There is someone you should know in Indianapolis. Someone remarkable. A person on a path to accomplish significant and positive things for people over his lifetime—if we manage to keep him here.
Twenty or so years ago, Mohammed was an accomplished Somalian goat herder when he should have been in preschool. Still, that didn’t stop him from getting promoted to herding camels, a real man’s job, by the time he turned 5 years old.
That same year, he lost his mother. Later, his little brother contracted polio, a disease that still exists in only the most dire places in the world.
By 9, he had run away to the city during wartime, and by 11, he was an orphan, having lost his father to the violence of civil war.
He was separated from his brother, moved to Mogadishu, and from there, to what he and others reference as the world’s largest prison, the refugee camp in Dadaab, Kenya. At the time, at least half a million refugees lived there, and escape meant paying exorbitant bribes. There was little opportunity for learning and truly nothing to do.
An ancient Chinese proverb says the best time to plant a tree is 20 years ago. That certainly rings true in economic development, whether it is implementing tactics to support community development, public infrastructure, lifestyle amenities or, most important, a strong talent pipeline.
Mohammed is remarkable, but he is not special. There are a whole lot of Mohammeds out there. And Marias and Ryans.
In fact, my company is right now forced to part with a Ryan, one of our credentialed, talented young professionals at our corporate headquarters.
Ryan has not been as fortunate as Mohammed to be granted citizenship or even the continued right to work. This, in spite of his master’s from IUPUI in events tourism or his extensive volunteer work with Indy Sports Corp., the 500 Festival and IndyFringe theater. Ryan has made our community better in a number of ways, and he is forced to leave. And his amazing local girlfriend will likely go with him.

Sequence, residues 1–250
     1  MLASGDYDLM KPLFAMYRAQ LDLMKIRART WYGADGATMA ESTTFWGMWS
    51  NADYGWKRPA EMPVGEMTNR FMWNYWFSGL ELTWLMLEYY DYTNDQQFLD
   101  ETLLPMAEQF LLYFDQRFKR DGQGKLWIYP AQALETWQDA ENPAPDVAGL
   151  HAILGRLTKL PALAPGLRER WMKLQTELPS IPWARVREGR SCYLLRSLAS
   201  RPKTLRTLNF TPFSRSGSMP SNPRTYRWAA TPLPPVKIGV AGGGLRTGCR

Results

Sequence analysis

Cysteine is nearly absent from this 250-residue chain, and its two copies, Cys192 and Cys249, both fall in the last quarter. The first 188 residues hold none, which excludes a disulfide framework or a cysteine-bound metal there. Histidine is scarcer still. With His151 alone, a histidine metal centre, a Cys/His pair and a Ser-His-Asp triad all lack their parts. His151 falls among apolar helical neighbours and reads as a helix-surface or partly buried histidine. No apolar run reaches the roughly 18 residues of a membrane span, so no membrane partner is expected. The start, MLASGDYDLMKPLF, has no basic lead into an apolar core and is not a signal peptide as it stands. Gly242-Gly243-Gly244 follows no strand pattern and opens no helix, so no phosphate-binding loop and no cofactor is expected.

They will be hardto replace.
That ancient Chinese proverb also says the second-best time to plant a tree is today.
In 2010, when Mohammed lucked into his rescue from the camp and the opportunity to come to Indiana, he had to leave everything behind, including his beloved little brother. Since coming here, he has learned English and earned a top-notch degree in public finance from Indiana University. Mohammed now works at Eli Lilly and Co. and is one of the cool young people supporting our economy. He is amazing, and he is dedicated to paying his good fortune forward.
It is truly our collective good fortune that Mohammed is staying here to contribute to our community. Statewide, the evidence is all too clear: Our population and talent pool continue to decrease over time. Many have cited our brain drain as being the leading challenge to our statewide economy over time.
As you examine your attitudes toward immigrants, please consider these stories and take the step to reach out and meet some of those in the incredible pool of talent here, people who have chosen our country and now call Indianatheir home.
We need to welcome people like Mohammed today, and consider the implications of losing people like Ryan over the coming 20 years and beyond. We have a lot of work to do. And we need the brains, hands and talent to do it well.•
Hale is a former member of the Indiana House and ran for lieutenant governor in 2016 on the Democratic ticket. Send comments to email@example.com.